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  (Source: Digital Trends)
Identity Finder LLC has released an analysis of the information obtained and posted by hacking group Anonymous after it attacked Stratfor

A new study has found specific details concerning Anonymous' recent successful hack on the intelligence company Stratfor, such as the number of credit card numbers obtained.

Identity Finder LLC, a technology security company that finds and protects sensitive data, has released an analysis of the information obtained and posted by hacking group Anonymous after it attacked Stratfor. So far, Anonymous has posted information regarding Stratfor subscribers with first names beginning with A through M, and it is assumed that those beginning with N through Z will be posted later.

According to the analysis, 50,277 unique credit card numbers were in the files posted by Anonymous, where 9,651 have not expired yet. The analysis also noted 86,594 email addresses, where 47,680 are unique; 27,537 phone numbers, where 25,680 are unique; 44,188 encrypted passwords, where 50 percent could have easily been cracked, and 13,973 U.S. addresses.

Password strength was noted as an important issue, where 73.7 percent of decrypted passwords were weak, 21.7 percent were of medium strength, and only 4.6 percent were strong. About 10 percent of decrypted passwords were less than five characters long, while only 4.8 percent were 10 or more characters long.

“This is the latest data leak by ‘breachers’ who not only hack into corporations but also breach their data privacy by posting the information online,” said Aaron Titus, Identity Finder’s Privacy Officer.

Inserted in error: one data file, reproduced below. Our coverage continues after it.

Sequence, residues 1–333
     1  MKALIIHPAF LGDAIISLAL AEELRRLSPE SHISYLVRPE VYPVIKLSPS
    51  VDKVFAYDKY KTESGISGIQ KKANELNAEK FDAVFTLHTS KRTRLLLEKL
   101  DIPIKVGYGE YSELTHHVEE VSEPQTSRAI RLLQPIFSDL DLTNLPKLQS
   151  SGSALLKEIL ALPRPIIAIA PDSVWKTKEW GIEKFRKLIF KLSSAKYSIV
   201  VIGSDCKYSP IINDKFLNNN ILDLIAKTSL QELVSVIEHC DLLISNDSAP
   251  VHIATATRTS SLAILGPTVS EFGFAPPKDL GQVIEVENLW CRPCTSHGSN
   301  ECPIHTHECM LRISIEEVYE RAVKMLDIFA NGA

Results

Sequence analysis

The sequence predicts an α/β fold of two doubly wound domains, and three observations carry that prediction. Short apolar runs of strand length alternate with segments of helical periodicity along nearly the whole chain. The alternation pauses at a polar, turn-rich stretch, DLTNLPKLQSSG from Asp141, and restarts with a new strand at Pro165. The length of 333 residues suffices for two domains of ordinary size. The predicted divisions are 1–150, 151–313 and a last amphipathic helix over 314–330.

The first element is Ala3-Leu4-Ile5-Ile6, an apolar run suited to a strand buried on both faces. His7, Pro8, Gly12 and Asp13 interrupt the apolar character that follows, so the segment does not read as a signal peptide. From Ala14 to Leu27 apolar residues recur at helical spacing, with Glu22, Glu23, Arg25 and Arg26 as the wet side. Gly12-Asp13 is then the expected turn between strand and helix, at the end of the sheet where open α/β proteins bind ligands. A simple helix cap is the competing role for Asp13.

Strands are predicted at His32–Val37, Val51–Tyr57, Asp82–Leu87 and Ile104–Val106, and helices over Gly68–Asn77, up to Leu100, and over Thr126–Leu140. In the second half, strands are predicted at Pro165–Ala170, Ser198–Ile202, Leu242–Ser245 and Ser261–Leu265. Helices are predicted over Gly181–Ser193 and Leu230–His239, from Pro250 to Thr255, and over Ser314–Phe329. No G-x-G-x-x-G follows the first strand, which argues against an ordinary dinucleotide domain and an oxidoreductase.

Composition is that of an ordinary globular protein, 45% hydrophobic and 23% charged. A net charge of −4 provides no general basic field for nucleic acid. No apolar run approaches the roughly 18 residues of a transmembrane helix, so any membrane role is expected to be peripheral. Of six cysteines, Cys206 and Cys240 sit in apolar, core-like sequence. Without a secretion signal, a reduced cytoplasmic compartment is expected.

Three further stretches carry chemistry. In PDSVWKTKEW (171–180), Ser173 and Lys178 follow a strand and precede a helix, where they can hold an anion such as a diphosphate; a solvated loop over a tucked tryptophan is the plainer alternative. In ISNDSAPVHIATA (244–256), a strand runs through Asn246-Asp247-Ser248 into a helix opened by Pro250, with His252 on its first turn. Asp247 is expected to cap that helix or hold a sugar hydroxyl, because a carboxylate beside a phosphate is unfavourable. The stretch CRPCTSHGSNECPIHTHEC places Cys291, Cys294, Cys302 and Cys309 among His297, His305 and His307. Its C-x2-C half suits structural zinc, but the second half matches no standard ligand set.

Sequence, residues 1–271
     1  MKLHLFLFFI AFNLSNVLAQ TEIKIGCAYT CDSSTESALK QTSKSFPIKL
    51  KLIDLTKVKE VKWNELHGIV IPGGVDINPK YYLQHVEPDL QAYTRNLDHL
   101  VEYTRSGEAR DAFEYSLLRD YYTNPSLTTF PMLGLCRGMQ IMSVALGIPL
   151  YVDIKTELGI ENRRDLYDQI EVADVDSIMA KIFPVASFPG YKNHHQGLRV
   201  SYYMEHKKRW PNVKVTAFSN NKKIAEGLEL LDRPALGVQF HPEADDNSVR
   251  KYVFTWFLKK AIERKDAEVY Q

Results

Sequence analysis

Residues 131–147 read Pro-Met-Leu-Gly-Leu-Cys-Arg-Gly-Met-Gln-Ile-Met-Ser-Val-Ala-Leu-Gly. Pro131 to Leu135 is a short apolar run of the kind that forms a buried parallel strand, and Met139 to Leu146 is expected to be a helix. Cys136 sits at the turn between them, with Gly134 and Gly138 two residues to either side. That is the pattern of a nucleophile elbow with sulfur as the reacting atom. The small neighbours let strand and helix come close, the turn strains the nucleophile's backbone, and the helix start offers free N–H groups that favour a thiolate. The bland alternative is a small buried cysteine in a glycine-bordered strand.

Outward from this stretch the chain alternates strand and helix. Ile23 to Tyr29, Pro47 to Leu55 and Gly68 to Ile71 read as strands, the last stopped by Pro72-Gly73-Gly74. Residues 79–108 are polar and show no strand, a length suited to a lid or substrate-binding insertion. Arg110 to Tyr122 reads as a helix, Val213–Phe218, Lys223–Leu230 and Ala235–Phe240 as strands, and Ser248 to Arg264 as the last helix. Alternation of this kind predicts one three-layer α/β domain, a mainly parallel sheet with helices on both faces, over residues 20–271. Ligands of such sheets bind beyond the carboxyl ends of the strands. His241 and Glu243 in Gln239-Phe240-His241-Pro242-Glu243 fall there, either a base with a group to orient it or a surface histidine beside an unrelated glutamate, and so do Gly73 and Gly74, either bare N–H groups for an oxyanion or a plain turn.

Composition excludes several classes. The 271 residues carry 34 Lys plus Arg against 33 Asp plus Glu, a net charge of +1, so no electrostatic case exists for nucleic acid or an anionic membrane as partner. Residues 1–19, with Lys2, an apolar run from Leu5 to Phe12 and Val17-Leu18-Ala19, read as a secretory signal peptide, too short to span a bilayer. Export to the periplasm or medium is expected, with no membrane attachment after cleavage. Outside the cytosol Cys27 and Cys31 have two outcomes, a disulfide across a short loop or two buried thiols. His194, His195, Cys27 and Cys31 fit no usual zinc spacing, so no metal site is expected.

“Unfortunately this problem will only get worse unless corporations minimize their data footprint and shrink their data target. The number of posted passwords and the threat of password re-use is significant. Passwords are a digital identity and password reuse is a serious problem that could lead toward identity fraud. The victims will have no way to know when an identity thief is reusing their email and password combination to attempt to log into their online bank, an online retailer where they have saved their credit card for future purchases, or other online accounts such as e-mail."

In addition to posting names beginning with N through Z next, Anonymous claims to have copied 2.7 million emails which will be posted next.

Source: Identity Finder



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RE: cloud at its best broken for users
By extmoder8 on 12/28/2011 1:27:35 PM , Rating: 2
Or you can simply be careful about what type data you put in the cloud. Financial, medical, text conversations are a few types to avoid. Some might be okay if they encrypt first although I still wouldn't put it out there myself.

But, I think the cloud is fine for things like music or photo backups. I could care less if someone saw my Dinsey world vacation photos or the music I listen to.


By NellyFromMA on 12/28/2011 2:00:37 PM , Rating: 2
Not for nothing, but I mean anyone who purchases anything online has submitted their personal financial data 'to the cloud'. It's not realistic to ask consumers not to purchase things online...

The storage of data happens without their direct knowledge, no matter how many walls of text you push in a users face detailing this, it simply isn't realistic to expect the average end-user / consumer to read several pages of license or usage agreements and actually understand them and the ramifications.

Sorry if I misunderstood what you meant, but this is was I gleemed from it at first pass.


RE: cloud at its best broken for users
By Samus on 12/29/2011 12:36:13 AM , Rating: 2
quote:
I could care less if someone saw my Dinsey world vacation photos or the music I listen to.


Maybe your Disney world vacation photos are't so personal...


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